By Jason DeParle
The New York Times Magazine
December 8, 1996
LONG AGO, A CLASS OF HARVARD GRADUATE students joined their distinguished
professor in a study of public attitudes toward welfare. That is, they opened
their notebooks and switched on a tape of "Oprah."
got nasty fast.
A white guy in polyester
sprang from the studio audience to condemn his sister-in-law, the "welfare
lout" who "bilked" taxpayers for "new teeth." A white
woman with beehive hair griped about food-stamp shoppers in "an Eldorado
Cadillac." A black single mother with a low-paying job screamed at a black
single mother with no job at all. "You have to show your children something
For 60 long minutes, the halls
echoed with working-class complaint.
have all the babies?!"
"Don't sit on your
As the insults mounted, the
welfare mothers who had been invited on the show looked ever more angry and confused.
One appealed her case to Oprah, complaining that the griping audience wanted her
children to "to look nasty and have dirty faces." But the doyenne of
daytime TV, herself a working woman, did not seem sympathetic. She faced the camera,
locked eyes with America and asked the country this question: "Should you
be going to work while someone on welfare's sitting at home with their feet up?"
students scribbled, giggled, gasped and frowned, but none seemed more captivated
than the man in the back row, a 43-year-old economist slouched low in his seat
and nervously bobbing his knee. David T. Ellwood, the Malcolm Wiener Professor
of Public Policy and the academic dean of the John F. Kennedy School of Government,
was studying this particular "Oprah" broadcast for the 10th time. "Each
time it's more painful," he whispered, jotting notes in the dark. "Why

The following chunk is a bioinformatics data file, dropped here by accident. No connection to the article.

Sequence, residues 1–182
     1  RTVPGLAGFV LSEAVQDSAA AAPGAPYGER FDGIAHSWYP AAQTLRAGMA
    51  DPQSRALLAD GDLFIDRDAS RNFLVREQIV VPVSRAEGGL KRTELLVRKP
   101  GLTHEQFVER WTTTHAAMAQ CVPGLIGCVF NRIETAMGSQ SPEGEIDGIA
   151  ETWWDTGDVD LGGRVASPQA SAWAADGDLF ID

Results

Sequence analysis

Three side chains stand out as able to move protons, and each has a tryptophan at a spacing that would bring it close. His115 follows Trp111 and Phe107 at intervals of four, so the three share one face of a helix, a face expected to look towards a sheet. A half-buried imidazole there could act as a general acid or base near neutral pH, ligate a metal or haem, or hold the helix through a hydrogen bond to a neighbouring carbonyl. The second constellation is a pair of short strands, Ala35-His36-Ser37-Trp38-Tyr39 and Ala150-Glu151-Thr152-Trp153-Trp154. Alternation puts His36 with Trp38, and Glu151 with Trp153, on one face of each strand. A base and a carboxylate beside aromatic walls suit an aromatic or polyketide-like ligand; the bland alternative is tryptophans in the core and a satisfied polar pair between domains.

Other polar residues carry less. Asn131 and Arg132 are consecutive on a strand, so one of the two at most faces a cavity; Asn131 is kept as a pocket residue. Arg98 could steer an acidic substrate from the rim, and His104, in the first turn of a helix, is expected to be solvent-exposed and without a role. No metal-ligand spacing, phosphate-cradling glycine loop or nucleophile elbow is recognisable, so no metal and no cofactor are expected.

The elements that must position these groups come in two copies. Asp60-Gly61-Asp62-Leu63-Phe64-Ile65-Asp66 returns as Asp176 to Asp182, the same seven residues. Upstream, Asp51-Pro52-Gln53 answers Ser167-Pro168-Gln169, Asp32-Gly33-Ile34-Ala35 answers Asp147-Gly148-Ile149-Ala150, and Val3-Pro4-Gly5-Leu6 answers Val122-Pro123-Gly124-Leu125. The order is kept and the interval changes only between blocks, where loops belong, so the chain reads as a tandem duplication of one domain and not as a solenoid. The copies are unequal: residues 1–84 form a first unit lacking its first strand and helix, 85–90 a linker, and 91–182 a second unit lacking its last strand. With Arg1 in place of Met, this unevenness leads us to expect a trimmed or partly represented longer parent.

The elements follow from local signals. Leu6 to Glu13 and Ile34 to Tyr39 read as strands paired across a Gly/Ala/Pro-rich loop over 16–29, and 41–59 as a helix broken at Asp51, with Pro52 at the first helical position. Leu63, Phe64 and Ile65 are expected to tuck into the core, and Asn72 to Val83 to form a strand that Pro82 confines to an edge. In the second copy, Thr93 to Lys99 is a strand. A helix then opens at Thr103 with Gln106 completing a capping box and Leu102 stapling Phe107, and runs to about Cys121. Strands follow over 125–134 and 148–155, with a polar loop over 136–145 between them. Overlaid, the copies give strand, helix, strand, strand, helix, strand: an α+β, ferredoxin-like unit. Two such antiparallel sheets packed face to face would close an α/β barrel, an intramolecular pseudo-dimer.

so much anger? What's going on here?"'
no one has pondered those questions with more boldness, creativity and good intentions
than Ellwood himself. And perhaps no one feels quite as unsettled at the nation's
latest answers. To an uncanny degree, the story of the recent welfare revolution
is a story of David Ellwood's ideas. Or, as he views it, a corruption of his ideas.
More specifically, a corruption of his idea that cash assistance to poor women
and their children should come with time limits. Now that those limits are the
law of the land, Ellwood says, "I do lie awake at nights, worried about what's
going to happen to our children."
tale of Ellwood's journey has all the trappings of a Washington thriller -- tense
meetings in the Oval Office and a triumphant ride on Air Force One -- yet the
arc would be familiar to the ancient Greeks. The professor had an idea. But the
idea gained a life of its own, to the profound dismay of the professor.
a young academic, Ellwood wrote "Poor Support" (Basic Books, 1988),
an instant anti-poverty classic that called for time limits on welfare, but only
as part of a much broader plan to shore up the lives of the poor. Ellwood envisioned
universal health care, expanded training programs, wage supplements, guaranteed
child support and last-resort Government jobs for those who could not find them.
He pictured a system that "ensures that everyone who exercises reasonable
responsibility can make it without welfare."
a while, the "Ellwood plan" shimmered only as a distant nirvana for